Monetary Approach To Poverty

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AN OVERVIEW OF THE FOUR APPROACHES:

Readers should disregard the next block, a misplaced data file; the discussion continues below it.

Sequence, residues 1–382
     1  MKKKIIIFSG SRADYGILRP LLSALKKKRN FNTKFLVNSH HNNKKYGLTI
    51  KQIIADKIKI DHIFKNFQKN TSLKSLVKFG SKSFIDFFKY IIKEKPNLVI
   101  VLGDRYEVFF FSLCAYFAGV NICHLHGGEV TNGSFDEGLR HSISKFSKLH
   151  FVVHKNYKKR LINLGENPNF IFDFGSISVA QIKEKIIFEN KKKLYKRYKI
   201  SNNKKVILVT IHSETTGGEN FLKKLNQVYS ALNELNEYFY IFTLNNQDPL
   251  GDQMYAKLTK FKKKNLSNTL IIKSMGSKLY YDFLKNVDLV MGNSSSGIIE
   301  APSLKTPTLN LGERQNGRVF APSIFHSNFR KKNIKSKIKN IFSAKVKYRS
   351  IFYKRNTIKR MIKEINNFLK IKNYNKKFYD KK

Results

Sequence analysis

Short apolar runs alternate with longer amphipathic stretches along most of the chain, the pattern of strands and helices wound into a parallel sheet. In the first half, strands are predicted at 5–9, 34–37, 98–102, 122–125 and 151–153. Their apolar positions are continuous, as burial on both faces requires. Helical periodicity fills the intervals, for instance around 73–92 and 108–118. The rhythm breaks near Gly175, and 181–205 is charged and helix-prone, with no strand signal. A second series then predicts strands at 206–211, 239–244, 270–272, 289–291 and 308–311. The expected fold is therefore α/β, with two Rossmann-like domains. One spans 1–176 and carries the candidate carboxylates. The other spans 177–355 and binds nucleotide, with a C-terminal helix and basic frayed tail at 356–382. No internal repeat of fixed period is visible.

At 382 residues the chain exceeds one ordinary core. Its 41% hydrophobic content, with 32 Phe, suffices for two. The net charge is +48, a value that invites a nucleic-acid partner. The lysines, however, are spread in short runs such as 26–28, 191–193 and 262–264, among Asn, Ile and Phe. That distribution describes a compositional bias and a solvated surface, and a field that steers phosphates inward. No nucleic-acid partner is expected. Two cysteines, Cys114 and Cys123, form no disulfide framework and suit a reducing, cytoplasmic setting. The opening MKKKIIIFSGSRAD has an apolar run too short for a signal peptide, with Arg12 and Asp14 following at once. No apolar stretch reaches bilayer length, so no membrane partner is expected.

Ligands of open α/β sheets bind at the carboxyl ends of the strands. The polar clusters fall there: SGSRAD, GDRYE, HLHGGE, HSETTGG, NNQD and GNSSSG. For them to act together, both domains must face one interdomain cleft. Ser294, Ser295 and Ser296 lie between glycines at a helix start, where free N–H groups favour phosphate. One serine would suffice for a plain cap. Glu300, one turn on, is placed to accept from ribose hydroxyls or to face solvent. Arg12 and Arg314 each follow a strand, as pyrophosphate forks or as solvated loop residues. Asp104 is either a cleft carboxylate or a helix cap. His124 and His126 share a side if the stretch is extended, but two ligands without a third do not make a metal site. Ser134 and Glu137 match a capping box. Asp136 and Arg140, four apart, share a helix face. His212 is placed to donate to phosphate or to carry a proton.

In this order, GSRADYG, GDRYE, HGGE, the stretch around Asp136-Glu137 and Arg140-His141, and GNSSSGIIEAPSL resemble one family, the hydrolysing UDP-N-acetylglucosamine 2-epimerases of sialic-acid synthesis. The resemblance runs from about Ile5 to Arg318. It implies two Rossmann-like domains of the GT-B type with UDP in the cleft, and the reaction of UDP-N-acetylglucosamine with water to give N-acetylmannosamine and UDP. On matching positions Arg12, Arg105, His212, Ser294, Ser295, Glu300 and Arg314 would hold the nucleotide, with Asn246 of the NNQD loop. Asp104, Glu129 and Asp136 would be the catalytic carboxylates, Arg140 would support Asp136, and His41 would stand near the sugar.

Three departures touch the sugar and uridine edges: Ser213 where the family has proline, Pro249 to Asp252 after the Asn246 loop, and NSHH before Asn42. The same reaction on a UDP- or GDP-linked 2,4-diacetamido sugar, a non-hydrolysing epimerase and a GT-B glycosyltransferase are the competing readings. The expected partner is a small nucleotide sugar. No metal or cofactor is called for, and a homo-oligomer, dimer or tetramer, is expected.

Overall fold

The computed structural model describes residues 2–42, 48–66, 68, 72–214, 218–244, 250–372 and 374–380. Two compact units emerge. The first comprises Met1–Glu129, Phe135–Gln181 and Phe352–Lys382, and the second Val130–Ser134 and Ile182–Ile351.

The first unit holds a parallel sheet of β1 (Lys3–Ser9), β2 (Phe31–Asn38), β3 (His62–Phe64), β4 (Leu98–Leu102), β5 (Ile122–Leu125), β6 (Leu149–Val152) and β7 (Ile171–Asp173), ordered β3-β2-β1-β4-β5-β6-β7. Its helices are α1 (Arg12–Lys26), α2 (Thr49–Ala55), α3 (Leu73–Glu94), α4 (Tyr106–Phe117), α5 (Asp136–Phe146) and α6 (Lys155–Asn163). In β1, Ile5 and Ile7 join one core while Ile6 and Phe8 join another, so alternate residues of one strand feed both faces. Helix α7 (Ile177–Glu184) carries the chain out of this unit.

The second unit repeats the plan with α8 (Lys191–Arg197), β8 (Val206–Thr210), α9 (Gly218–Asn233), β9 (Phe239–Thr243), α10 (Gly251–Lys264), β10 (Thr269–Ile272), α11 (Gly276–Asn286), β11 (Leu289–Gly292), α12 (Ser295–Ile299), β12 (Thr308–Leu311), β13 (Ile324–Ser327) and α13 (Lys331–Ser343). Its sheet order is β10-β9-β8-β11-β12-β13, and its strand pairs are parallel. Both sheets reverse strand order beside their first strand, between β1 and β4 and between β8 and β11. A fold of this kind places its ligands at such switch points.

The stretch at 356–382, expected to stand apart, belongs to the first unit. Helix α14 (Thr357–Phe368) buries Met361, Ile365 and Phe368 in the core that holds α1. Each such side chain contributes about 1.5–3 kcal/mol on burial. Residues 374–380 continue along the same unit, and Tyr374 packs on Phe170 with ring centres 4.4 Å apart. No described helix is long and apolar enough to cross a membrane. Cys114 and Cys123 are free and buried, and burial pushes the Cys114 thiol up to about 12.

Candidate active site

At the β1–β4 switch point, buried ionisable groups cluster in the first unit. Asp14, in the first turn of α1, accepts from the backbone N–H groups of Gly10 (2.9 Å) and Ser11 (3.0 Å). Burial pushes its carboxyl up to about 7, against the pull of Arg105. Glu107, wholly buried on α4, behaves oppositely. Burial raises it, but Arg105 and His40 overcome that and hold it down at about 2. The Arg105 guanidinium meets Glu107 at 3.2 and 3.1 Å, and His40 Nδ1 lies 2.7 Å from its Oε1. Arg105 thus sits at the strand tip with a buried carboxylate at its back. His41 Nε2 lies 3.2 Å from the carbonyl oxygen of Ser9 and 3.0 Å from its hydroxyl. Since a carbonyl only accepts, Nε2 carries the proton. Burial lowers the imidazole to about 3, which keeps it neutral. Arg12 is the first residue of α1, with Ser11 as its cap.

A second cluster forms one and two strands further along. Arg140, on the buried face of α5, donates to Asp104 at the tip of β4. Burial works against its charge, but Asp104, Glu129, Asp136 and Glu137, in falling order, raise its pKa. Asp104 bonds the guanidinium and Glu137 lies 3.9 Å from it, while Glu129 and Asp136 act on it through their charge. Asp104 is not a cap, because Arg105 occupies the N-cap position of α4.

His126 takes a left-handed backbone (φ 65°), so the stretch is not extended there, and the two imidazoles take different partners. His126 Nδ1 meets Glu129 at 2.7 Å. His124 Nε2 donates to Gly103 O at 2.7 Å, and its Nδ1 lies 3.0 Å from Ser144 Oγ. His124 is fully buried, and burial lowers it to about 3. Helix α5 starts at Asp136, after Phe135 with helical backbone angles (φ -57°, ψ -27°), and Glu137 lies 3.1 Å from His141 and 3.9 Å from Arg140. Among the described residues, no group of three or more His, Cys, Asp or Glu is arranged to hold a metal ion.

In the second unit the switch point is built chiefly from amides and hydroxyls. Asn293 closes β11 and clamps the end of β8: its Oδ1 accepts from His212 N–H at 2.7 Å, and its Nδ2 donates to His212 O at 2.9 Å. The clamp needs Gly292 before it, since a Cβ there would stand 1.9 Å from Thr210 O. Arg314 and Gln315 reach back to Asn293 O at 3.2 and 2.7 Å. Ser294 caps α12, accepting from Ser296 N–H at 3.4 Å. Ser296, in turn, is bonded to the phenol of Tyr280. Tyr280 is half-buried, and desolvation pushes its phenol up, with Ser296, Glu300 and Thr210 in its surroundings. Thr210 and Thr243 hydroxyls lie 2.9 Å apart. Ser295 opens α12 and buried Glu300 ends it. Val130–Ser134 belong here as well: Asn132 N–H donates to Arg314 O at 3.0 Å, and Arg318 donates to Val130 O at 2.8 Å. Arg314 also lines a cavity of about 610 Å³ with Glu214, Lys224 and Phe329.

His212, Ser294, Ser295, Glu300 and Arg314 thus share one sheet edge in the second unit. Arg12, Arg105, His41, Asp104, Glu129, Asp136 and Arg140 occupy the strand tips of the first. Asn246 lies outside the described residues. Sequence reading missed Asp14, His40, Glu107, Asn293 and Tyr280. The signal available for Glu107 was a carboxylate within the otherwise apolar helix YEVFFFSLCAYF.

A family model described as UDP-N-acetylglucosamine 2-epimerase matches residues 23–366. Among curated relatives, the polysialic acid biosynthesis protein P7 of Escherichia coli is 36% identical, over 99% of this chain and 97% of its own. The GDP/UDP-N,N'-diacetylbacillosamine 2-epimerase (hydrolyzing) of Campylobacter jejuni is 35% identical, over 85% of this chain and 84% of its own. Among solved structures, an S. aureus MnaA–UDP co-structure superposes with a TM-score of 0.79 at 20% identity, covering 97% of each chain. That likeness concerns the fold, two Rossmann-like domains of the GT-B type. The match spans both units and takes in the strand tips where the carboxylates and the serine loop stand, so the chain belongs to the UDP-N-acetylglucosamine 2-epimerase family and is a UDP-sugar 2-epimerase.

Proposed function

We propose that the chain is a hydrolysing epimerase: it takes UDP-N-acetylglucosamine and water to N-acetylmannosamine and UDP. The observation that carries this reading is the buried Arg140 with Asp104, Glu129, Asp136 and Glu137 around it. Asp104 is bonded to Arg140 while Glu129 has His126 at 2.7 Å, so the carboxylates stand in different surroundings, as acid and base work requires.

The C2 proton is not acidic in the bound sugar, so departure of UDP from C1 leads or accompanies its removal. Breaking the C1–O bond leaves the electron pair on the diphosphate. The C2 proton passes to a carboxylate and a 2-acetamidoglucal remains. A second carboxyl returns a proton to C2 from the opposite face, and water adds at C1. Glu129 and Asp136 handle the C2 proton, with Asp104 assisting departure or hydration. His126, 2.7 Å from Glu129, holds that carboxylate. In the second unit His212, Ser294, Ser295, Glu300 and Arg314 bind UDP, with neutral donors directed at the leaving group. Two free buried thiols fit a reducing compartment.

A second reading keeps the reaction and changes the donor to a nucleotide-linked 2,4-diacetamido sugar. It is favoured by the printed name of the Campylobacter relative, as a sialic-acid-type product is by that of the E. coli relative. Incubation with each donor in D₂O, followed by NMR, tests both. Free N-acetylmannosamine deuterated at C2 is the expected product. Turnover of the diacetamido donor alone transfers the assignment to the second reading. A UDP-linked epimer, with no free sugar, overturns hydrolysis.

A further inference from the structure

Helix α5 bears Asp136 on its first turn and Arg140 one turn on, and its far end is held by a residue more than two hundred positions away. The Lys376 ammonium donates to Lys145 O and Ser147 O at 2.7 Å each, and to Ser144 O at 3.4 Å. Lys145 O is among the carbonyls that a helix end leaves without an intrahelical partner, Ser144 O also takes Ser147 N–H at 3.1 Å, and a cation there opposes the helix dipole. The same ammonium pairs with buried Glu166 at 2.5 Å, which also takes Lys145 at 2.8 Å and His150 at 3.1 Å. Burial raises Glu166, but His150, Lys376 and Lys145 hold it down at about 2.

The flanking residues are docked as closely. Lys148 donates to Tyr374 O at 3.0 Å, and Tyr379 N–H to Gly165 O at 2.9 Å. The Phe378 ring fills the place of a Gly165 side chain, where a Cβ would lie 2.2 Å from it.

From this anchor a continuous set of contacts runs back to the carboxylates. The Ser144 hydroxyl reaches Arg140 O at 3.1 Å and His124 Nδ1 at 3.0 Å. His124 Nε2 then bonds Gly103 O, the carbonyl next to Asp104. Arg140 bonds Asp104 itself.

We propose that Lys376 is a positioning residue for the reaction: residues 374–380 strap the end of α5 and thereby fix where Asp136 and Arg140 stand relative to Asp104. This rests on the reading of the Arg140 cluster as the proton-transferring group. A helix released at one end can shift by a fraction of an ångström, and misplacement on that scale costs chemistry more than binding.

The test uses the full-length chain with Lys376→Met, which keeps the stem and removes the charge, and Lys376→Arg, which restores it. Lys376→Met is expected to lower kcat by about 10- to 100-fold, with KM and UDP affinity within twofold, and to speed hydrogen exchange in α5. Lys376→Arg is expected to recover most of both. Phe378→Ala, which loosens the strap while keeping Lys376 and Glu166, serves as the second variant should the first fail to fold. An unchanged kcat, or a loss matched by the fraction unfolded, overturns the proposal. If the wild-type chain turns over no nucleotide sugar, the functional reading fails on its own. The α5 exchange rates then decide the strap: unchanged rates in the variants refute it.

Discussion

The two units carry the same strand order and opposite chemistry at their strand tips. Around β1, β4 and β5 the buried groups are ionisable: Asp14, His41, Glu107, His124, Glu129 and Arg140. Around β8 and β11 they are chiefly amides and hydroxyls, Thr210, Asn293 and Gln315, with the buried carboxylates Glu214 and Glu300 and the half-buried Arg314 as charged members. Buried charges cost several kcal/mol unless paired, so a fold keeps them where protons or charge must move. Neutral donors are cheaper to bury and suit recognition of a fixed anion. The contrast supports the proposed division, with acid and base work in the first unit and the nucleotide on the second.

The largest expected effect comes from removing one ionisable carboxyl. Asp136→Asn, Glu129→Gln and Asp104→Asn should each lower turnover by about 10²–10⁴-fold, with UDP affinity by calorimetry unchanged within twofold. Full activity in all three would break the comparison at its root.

(i) The Monetary Approach: The monetary approach is the most popular approach to identification and measurement of poverty. In this approach, poverty identifies with a shortfall income from the poverty line. Where the poverty lines define as a threshold level of income which can purchase the minimum consumption bundle of good and services needed for the survival of subsistence life. The threshold level of income depends on the monetary value of those items which are included in the consumption bundles and its market prices (Grosh and Glewwe 2000). This approach is quite compatible with the utility maximising behaviour of Individuals. This monetary approach to poverty can be justified in two ways: first the minimum right approach, where a certain amount of income is needed to fulfil the basic needs of life. That level of basic income is regarded as the universal right of the individual. Secondly identifies those who are poor in many dimensions, not only the lack of income or resources but also nutrition, health, education etc. Rowntree defined a poverty line by evaluating the level of income which is required for nutritionally balanced diets along with clothes and shelter. Those are laying below this line were defined as primary poverty. Those who were living in obvious want and squalor despite being above the defined poverty line were categorised as secondary poverty (Rowntree 1902). Ravallion has suggested to defining the poverty line

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